District losing students
There are fewer apples on teachers’ desks these days.
The Lake Tahoe Unified School District is experiencing a decline in student enrollment for the fifth straight school year. High housing prices and a sluggish economy have pushed young families from South Lake Tahoe.
The district receives $4,600 for each student based on Average Daily Attendance, said Joe White, the former chief financial officer for the district.
At one point, the district expected to lose about 207 students next school year, which amounts to a loss of $952,200 in unrestricted dollars, White said.
The current forecast has the district expecting to lose 175 students which equals a loss of $805,000.
That money is part of the 70 percent revenue limit which usually pays for things such as teacher salaries, utility costs and other operating expenses, White said.
“We’re now looking at our numbers and we don’t think we’ll lose the 207 but we’re still going to lose a significant component piece (of the budget),” he said during a December interview.
In a January education budget decision, Gov. Gray Davis increased the Cost of Living Allowance. It was good news for the district because it meant increased revenue but it did not offset the loss from declining enrollment, White said in a recent interview. He said the district faces a $250,000 shortfall after the Cost of Living Allowance increase is added.
Meyers Elementary School Principal Doug Forte, who has been with the school district for 31 years, said the situation is “frustrating.”
Around 1994, more than 600 students attended Meyers Elementary, Forte said. Now the school has 463 students.
“We’re down about 20 kids a year for the past five years,” he said. “Unfortunately what’s happening out here is we’ve lost many of our families.”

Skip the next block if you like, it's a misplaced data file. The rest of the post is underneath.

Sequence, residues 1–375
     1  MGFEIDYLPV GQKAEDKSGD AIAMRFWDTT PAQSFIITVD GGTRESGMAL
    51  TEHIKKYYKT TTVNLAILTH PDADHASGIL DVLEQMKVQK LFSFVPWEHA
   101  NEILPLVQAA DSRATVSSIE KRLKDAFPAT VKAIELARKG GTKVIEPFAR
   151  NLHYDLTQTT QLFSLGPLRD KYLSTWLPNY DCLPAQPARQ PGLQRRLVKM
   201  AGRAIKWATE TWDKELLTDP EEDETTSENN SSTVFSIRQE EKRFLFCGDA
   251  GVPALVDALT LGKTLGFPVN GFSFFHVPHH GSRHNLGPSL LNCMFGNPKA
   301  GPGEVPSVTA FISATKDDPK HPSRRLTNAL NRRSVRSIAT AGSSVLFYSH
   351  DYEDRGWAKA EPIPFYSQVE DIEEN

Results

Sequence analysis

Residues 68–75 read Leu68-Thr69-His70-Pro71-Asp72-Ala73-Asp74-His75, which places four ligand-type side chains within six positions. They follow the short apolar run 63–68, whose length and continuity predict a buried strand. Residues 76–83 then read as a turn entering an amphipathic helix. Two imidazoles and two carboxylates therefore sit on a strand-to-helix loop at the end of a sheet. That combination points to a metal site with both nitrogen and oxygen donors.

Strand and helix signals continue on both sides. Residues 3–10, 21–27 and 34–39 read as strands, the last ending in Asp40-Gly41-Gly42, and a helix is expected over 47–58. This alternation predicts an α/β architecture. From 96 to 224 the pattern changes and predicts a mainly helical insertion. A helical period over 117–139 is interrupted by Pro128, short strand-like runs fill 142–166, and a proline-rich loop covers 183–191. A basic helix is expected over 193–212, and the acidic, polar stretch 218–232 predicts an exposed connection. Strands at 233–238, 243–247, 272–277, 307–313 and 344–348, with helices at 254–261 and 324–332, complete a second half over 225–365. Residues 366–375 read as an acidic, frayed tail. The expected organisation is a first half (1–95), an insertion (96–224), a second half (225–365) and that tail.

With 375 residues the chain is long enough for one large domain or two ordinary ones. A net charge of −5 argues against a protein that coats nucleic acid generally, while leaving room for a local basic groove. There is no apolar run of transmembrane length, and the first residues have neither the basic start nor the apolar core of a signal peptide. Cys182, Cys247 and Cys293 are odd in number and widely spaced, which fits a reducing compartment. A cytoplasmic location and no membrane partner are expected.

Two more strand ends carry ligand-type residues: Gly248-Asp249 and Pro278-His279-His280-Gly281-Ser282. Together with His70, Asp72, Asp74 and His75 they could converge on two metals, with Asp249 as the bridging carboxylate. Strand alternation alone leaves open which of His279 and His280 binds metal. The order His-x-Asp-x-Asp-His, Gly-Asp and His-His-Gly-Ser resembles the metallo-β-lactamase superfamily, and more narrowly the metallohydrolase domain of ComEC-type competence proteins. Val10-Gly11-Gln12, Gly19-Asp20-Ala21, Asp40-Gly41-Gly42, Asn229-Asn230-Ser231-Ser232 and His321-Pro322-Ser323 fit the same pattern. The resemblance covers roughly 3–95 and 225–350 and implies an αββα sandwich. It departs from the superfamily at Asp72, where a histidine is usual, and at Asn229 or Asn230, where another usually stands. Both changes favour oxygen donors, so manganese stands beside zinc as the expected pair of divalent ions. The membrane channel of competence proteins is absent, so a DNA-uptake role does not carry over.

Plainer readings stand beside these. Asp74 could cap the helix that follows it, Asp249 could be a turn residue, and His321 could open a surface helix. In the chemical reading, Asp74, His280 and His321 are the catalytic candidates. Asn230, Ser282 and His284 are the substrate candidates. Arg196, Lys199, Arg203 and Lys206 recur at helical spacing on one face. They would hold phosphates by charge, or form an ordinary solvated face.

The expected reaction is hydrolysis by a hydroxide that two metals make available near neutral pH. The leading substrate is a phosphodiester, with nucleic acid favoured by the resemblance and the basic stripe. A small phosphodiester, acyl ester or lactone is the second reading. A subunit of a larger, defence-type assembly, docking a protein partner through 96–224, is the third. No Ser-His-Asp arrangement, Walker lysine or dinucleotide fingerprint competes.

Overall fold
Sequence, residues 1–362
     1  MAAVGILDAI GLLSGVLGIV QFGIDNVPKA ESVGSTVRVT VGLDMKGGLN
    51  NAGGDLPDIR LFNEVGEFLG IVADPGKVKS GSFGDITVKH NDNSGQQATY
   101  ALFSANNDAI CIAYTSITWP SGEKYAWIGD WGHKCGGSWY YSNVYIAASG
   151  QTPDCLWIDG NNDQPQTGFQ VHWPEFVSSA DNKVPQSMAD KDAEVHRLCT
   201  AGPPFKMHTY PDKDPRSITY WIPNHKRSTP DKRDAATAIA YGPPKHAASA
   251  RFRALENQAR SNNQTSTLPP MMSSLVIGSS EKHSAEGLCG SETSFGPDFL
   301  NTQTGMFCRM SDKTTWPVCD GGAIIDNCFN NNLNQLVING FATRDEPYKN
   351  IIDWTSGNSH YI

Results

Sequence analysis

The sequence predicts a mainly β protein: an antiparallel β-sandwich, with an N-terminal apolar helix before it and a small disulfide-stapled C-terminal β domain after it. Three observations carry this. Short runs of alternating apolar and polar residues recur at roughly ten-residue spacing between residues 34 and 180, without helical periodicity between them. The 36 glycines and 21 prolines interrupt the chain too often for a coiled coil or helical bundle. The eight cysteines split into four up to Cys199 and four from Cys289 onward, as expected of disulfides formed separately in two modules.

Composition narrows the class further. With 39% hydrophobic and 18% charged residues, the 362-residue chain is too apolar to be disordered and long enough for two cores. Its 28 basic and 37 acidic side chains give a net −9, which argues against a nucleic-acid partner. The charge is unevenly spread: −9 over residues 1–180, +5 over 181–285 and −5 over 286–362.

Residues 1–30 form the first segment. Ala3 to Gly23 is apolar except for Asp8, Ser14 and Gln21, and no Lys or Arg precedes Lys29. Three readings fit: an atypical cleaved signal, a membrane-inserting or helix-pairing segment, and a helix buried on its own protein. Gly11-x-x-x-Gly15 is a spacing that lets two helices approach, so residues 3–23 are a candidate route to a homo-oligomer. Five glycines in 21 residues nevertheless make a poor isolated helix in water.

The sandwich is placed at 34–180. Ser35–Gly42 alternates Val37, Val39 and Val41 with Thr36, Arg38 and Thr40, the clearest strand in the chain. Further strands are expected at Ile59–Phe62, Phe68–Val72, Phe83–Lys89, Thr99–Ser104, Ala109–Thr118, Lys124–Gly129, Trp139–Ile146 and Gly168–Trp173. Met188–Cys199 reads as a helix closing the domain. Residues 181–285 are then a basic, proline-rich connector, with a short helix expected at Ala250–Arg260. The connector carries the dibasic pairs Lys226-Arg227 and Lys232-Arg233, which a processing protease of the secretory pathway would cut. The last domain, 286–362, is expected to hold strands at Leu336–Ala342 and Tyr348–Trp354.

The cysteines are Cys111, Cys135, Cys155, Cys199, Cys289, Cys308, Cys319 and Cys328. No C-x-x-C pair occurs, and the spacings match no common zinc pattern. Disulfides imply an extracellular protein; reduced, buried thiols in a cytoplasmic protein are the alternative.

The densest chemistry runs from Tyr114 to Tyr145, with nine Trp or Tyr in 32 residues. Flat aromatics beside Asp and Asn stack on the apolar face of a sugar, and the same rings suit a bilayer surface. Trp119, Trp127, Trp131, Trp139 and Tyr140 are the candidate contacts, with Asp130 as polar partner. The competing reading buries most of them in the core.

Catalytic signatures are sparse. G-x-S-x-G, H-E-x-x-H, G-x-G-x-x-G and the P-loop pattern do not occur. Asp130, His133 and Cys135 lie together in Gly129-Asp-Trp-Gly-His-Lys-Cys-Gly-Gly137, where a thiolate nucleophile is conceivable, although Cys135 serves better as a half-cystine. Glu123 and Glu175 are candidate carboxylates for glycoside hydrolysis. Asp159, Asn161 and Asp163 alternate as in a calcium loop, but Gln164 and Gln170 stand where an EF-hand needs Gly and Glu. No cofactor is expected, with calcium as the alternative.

Some young families may be moving to Carson Valley, where people get more house for their dollar.
David Kurtzman is the owner of Aspen Realty at South Lake Tahoe. He opened a small satellite office in the valley last summer.
“Here it’s virtually impossible to find anything under $150,000 and it’s going to be a two bedroom and no garage if you can,” he said. “In the valley you can get a three bedroom and garage on a quarter acre in the same price range.
“Basically you can get more home for your money in exchange for the commute,” he said.
Kurtzman noted that along with families leaving the community for cheaper housing, new families are deterred from moving to South Lake Tahoe because of expensive housing.
For instance, 40 percent of the 76 employees at the South Tahoe Police Station live in Carson Valley, according to Sgt. Alex Schumacher.
Kurtzman knows the affects of declining enrollment from his experience as a Board of Education member from 1983 to 1999.
“It’s an incredibly difficult issue to deal with because it creates tremendous budget difficulties,” he said. “I know the current school board is doing their best at finding the right solution. This community is not used to the impacts of declining enrollment.”
Mike Patterson is aware of the impacts. The president of the South Tahoe Educator’s Association said in the last three years the district is down about 10 teachers.
Those teachers have left the district or retired, Patterson said. He hopes more teachers retire at the end of the year to avoid layoffs.
When families leave the community, the school district gives them an exit exam to find out why the parents chose to leave, said Lennie Schwartz, president of the school board.
“We’ve lost a lot of kids that are causing us to look at a reduction in force and as a district we’re going to be holding some round table talks with the community,” he said.
The first round table discussion is expected to take place in the spring.
According to teacher contracts, school staff must be made aware of layoffs by March 15. It is not a date teachers are looking forward to, Forte said.
“The cost is in personnel and not paper and pencils,” he said. “I think everyone will take a hit next year.”
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